The Steubenville Rape Verdict And Why You Should Hate CNN
By now, most of us have heard of what happened in Steubenville last August. We have heard about the party, about the culture of football-players-as-gods, we’ve heard about the attempts at covering it up. And while it has always been hard to read about what was happening without an enormous feeling of frustration over how the issue was being spun by those in control, there was some comfort in knowing that a few of Jane Doe’s attackers were seeing court and possible sentencing. While it is clear that her safety and peace of mind will be in serious jeopardy for some time, we could still hold onto the idea that some kind of justice was being served.
But it has become clear — from the fact that only two of her many attackers ever saw a courtroom, and from how light their sentences have proven to be (it is likely that they will only serve one year) — that the culture of excusing serious sexual crimes as a “boys will be boys” side effect of hard partying extends all the way up to the judge’s bench. Even when the attackers were taken out of their safe haven of a town which would do any and everything to protect their honor, they don’t receive anything close to appropriate justice for having violated another human being in such a humiliating, harmful way.
Of course, when the verdict came down, they still cried. They are teenage boys and, like the child who apologizes not for having stolen the cookie but for being caught with his hand in the cookie jar, aren’t particularly happy about seeing the aftermath of their crimes. They were raised in a community which taught them, in no uncertain terms, that they did not abide by the same rules as everyone else. Whether they wanted to do a little underage drinking, or get in a fight, or touch a young girl who was unable to give her consent — it was all supposed to be okay. And even though the sentence was, by many standards, ludicrously light, they were facing the consequences of their actions.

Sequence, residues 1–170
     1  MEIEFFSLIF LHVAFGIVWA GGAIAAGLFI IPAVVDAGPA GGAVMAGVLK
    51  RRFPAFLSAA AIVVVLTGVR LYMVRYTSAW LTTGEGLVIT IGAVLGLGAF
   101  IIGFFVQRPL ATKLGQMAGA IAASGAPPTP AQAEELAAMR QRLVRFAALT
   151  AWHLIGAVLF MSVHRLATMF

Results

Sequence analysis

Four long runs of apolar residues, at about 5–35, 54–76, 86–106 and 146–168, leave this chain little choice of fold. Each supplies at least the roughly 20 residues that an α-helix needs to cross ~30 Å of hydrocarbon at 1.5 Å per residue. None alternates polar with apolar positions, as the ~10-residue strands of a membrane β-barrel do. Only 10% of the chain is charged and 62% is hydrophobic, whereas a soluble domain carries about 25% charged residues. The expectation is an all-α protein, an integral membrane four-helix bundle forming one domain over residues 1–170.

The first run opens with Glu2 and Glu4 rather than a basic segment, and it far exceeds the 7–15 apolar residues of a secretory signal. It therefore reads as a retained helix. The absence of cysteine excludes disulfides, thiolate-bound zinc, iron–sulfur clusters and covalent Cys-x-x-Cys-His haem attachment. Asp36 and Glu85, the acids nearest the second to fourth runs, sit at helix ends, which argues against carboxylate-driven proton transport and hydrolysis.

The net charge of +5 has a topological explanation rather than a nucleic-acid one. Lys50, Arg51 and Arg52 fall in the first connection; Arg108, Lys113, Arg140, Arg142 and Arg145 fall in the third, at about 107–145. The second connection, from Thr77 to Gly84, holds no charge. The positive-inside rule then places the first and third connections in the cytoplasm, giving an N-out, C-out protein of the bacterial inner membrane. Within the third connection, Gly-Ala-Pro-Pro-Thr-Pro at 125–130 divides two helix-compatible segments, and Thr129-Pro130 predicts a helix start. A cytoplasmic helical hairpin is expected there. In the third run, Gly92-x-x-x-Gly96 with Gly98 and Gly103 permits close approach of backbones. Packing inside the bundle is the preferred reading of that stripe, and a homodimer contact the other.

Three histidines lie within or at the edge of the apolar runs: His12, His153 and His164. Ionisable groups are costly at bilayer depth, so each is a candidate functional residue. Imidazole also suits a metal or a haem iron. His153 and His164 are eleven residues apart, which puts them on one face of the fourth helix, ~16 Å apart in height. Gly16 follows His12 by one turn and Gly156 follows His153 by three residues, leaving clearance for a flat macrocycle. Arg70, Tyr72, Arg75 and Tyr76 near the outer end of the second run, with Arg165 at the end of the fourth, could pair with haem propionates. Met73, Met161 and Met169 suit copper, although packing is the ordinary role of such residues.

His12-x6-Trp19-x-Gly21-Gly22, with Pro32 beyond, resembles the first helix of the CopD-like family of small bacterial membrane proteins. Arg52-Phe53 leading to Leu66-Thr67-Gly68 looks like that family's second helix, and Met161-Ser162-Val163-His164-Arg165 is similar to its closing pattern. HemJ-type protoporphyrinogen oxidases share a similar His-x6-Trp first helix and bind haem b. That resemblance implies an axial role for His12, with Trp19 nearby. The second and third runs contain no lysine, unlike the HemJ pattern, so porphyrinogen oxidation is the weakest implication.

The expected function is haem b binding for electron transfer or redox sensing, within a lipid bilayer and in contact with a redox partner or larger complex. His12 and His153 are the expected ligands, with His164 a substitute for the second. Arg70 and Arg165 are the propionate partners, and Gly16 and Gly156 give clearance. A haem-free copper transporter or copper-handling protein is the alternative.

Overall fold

To add insult to injury, though, CNN did a small Sunday report on the state of the courtroom when the judge handed down the verdict and decided that the only angle to take was repulsive levels of sympathy for the attackers. They talked about the “promising” lives that were now ruined, how moving the tears of the two defendants were, how they were good students with bright futures in football and academics. They painted a portrait of two innocent boys who had made a simple mistake, one which is now unfairly costing them the future they had constructed for themselves with their otherwise-stellar record of good behavior.
As many have noted, it is particularly unusual to see a typically-progressive channel such as CNN reporting in such a way about an issue as serious as rape. When your reporting is more victim-blaming and morally tone-deaf than, say, Fox News’, it’s a serious faux pas to say the least. But the problem is so much deeper than simply showing that you have a few rape-apologists on your roster of field reporters. You are telling the victim in this case, every time she turns on her television, that she has done something horrible and cruel to these two poor boys by speaking out against her assault. You are talking about the tears of her assailants and their devastation over facing a small amount of jail time as though they were the ones truly hurt in this case, and not the people who actively chose to assault another person.
When they refer to her as being “allegedly drunk,” they are putting in an unnecessary modifier which — even if it’s true, though many speculate that she may have been drugged as well — serves to cast a shadow of doubt on the victim even when there is video and photo evidence of her rape. It paints a negative picture of her even when her attackers have been found guilty beyond reasonable doubt. It reminds us that, yes, she may have been raped — but she must bear some guilt as well when it comes to her safety.